There are poster cars and then there are poster cars, and the Ferrari 308 is a scarlet-red (and it was always scarlet ‘rosso’ red) heaven-sent masterpiece that was lusted after in period and would later become even more lust-worthy after appearing as the wheels of choice for Magnum P.I., the Hawaiian-shirt-wearing private investigator played by Tom Selleck.
For all that, it is a relatively common Ferrari, one that doesn’t cost eye-watering sums of money to buy. According to the Hagerty Price Guide, the values range from less than £40,000 for a slightly scruffy, late example to around £130,000 for a concours example of one of the rarest early cars.
The 308 was born out of adversity. Ferrari’s 308 GT4, the four-seat model that replaced the Dino 246, in 1973, proved to be a sales dud. Its awkward cab-forward design by Bertone was not universally liked, but there was more. A fuel crisis and Enzo Ferrari’s initial refusal to badge the 308 GT4 as a Ferrari made it a hard sell. Something had to be done quickly following the GT4’s launch. The answer was the rapidly developed 308 GTB.
Pininfarina’s Leonardo Fioravanti had already put in the ground work for a Dino 246 successor, so a new two-seat sportscar was ready for the 1975 Paris motorshow. It was based on a shortened GT4 steel tube chassis, with the handling honed by no less an authority than Niki Lauda who was driving for the Ferrari Formula 1 team at the time. Lauda helped tame the early prototype’s snappy on-limit handling and made the 308 a junior supercar everyone could enjoy.
The 308 GTB went on sale immediately after making its motorshow debut. The first cars were unusual because they had a glassfibre body – earning them the ‘Vetroresina’ label, from the Italian word for glassfibre. Production figures can be a contentious issue with the 308, but Ferrari itself says 808 Vetroresina cars were made, while others say it was 712. Total 308 production of all models, including the targa-topped GTS and smaller capacity 208 models for Italian tax regulations, came to more than 12,000.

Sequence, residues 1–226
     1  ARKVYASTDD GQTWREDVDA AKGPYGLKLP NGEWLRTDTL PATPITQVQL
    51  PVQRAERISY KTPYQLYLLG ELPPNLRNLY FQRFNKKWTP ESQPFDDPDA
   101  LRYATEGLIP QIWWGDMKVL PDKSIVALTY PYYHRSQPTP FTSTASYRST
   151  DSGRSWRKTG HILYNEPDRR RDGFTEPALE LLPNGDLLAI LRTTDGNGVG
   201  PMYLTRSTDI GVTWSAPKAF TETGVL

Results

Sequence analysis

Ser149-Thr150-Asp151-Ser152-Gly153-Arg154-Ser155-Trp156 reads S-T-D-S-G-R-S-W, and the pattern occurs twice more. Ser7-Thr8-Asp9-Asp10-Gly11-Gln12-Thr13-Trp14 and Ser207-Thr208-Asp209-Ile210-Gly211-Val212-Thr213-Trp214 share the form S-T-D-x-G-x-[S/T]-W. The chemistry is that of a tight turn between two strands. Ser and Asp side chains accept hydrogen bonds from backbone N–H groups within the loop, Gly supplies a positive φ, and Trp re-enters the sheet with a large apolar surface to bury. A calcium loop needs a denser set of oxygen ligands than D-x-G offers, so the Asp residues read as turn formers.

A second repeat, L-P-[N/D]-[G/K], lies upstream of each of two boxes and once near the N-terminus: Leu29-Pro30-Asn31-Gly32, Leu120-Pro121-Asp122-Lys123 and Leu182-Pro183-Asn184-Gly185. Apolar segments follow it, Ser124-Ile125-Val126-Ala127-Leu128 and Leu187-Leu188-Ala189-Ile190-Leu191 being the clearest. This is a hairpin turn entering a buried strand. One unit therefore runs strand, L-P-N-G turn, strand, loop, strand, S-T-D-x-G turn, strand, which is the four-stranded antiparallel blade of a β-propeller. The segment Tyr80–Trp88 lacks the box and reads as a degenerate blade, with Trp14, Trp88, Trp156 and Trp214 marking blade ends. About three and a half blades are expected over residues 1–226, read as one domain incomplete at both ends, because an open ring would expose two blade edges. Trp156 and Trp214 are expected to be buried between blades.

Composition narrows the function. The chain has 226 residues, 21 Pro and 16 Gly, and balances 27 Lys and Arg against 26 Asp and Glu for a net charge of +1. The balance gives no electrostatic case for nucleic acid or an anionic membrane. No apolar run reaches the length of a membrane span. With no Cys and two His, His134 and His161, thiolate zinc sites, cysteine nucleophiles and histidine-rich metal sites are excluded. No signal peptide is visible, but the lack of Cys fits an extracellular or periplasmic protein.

This makes the 308 one of the most numerous Ferraris ever made and easily the most attainable pre-1990s model. After the introduction of the original GTB, Ferrari launched the GTS in 1977 with its removeable roof panel. A fuel-injected version of the 3.0-litre V8 engine was introduced in 1980 and the name changed to 308 GTBi or GTSi to reflect this. However, power dropped from the original’s 255hp, or 240hp for US models due to emissions equipment, to a measly 214bhp (205bhp for US cars). To counter this, Ferrari gave the 308 a four-valve-per-cylinder update in 1982, adding the ‘Quattrovalvole’ tag to denote this. Power went up to 240bhp to restore performance for European cars, with US versions pegged to 230bhp.
Ferrari also offered the 308 GTB body with a smaller bore unit of the V8 to give a 1990cc capacity in the 208 GTB and GTS that meant they avoided hefty taxes in Italy and Portugal for cars with engines of more than 2.0-litres. With a modest 155hp, Ferrari added a turbocharger to this smaller engine to take power up to a much more respectable 220hp. This turbocharged 208 could cover 0-60mph in 6.6 seconds and go on to 150mph. A 308 GTB, by comparison, could offered 0-60mph in 6.5 seconds and 154mph all out.
We’ll concentrate on the two-seat 308 models in this guide, but the same buying advice applies to the earlier GT4 and later 328 cars that share most of their parts with the 308.
What’s a 308 like to drive?
Ferrari positioned the V8 engine transversely in the 308, which helps keep the car remarkably compact by modern standards. This, in turn, means any 308 is very easy to use as it occupies far less space than even most current hot hatches and you can use more of the road’s width to place the Ferrari. You will need to think about how you approach corners and bends as the unassisted steering is heavy when loaded up at speed, and heftier still at very low speeds, but the reward is excellent feel and feedback.